a perfect


Love is never rational -

Love is never rational - what a great story. That this is a one owner machine as well is fantastic.

I think the oldest Treks I've seen Down Under would be early/mid 90s vintage. Not to say older ones aren't around, but I think the importers and distributers only probably started getting serious around then.

The bike was good to me.... I was honor-bound to be good to it. I'd gotten years of service without a single complaint, no matter what stunt I pulled. Off-road? No problem. 24" of snow? At your service. Thrown into the maw of an airline cargo bay? Back with a dent, but still ready to roll. Rebuilding the bike was the least I could do.

I originally had dreams of

I originally had dreams of doing something similar to an old early 60s VW Beetle I owned (only 2 previous owners with a fairly complete history otherwise) But I quickly, over an 8 year period, realised my own circumstantial and personal limitations as far as serious automotive body repair goes. I've since found a more realistic vent for this part of my persona with bikes. What's more - it's much better for the mind and body in the day-to-day rat race of commuting anyway.

dreams are easy...

... but bikes make them easier. I have/had a similar project with a once-was-beautiful 1970 BMW 2002, but it's not going to happen -- too complicated, too messy, too expensive, and, even if you succeed against all odds, financial and otherwise, what do you have? A car! I'm much happier with bikes -- way better for the soul. (Though I do have to say I still dream of an early '60s VW microbus with a split windshield....)


I have a friend who lives in Seattle, and she says, "If I didn't ride when it was raining I wouldn't be able to ride." Riding in all weather is fun, even the crazy stuff (snow especially is a blast). Get some good gear and go for it! As for cars, they're way more trouble than they're worth.

Nice restoration

Boy, your bike turned out nice. Now you got me thinking of fixing up another Trek. Actually, mine is a 60cm and I need to go up to a 62. I like the 700 series and will be looking for yet another frame. Well done!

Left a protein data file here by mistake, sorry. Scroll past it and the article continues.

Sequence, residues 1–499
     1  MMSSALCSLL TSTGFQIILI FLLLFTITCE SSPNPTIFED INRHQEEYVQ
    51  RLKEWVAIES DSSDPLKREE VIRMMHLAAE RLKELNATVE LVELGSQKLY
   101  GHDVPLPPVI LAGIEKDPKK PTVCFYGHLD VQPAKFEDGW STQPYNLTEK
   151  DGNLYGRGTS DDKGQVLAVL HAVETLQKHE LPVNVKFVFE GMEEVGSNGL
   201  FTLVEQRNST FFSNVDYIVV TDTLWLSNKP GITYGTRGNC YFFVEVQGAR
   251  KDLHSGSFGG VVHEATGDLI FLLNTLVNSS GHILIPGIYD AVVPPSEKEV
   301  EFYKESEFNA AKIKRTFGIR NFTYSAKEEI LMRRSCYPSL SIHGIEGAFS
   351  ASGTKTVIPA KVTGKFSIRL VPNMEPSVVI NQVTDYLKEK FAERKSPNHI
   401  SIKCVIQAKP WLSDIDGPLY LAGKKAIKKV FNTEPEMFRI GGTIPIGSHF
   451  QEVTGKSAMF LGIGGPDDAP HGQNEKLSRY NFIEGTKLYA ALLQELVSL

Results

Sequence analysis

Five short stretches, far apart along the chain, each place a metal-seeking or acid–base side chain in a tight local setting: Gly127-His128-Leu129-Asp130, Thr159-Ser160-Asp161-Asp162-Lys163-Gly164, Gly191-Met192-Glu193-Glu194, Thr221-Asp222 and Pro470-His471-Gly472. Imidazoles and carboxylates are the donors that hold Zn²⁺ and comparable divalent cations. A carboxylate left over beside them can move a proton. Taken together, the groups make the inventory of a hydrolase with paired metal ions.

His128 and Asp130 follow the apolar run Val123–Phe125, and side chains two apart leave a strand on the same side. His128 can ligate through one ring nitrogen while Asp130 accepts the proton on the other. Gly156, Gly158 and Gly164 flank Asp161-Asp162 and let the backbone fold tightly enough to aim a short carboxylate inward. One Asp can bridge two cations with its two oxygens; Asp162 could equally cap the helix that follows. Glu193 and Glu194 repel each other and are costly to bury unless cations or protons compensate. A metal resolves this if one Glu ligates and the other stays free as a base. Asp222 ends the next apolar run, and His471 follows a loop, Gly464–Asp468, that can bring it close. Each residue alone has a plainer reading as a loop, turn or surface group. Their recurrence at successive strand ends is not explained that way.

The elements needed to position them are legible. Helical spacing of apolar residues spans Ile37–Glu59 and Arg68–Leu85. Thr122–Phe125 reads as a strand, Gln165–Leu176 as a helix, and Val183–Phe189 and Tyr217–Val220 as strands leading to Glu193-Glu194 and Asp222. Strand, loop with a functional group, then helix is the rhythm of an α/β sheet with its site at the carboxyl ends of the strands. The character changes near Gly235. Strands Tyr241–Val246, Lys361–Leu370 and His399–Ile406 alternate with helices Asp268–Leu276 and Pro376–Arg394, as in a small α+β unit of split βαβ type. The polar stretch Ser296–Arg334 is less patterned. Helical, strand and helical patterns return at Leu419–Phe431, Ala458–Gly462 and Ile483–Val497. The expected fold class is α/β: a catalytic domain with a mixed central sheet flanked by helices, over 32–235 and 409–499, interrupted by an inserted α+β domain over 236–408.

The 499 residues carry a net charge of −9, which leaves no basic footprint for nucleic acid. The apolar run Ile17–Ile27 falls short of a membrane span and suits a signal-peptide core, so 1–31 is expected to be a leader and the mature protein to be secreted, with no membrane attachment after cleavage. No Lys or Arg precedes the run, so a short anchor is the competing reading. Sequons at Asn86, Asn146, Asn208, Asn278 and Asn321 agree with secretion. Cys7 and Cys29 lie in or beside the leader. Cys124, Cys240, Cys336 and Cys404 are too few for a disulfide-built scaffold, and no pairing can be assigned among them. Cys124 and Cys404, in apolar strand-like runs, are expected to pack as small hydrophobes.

bring a Trek back to life

Glad you liked the bike. There are a good number of older Trek frames knocking around, and a lot of them are larger sizes, interestingly. Have never seen another TX700, but they've got to be around. While Trek was just starting out, even then they were still turning out a lot of frames. Will keep my eyes open.

Older Treks

Please do! I've been searching in vain for a 62cm Trek touring frame.

Fantastic Restoration.

I picked-up a 1982 Trek 614 touring bike from Ebay last winter. I have touched up the paint and fully reconditioned it. It has a blackburn rear rack and I put a lowrider Nashbar rack up front. The wheelbase is not quite as long as yours but it is the best handling bike I have ever ridden. You were very smart to stay with this frame. To get this same quality and ride would cost at least 00 if you where to have one made up by a frame builder. Love your Berthoud fenders. I have put SKS P45 cromo-plastic on my Trek. They may be a touch lighter but the Berthoud's exude class and style.

thanks much

It was a long process rebuilding the bike, but was definitely worth it. Glad you were able to bring the 614 back -- if you see another early Trek, save its life! A few more things to do on this one (I'm considering a small "constructeur" rear rack from Velo-Orange, for example), but am going to try to keep it simple.

On the SKS fenders, they may not be as nice as the Berthouds, but they're very solid and classy in their own way, and far better than some of the other options. They're on the Super Sport I refer to in another reply, and I'm very happy with them.

the right bike, the right builder

I love the original Treks, and they fact that they were hand-built in the U.S. makes them even nicer. Have to give a shout-out to the framebuilder who helped me bring this one back to life, Toby Stanton of HotTubes in Worcester, Mass. Total can-do guy, and the complete opposite of some of the fussy "I only do it my way" builders out there. He's reworking a zippy mid-'80s Schwinn Super Sport for me now; can't wait to get it back.

Love it! The large frame and

Love it! The large frame and fenders make 'the look'.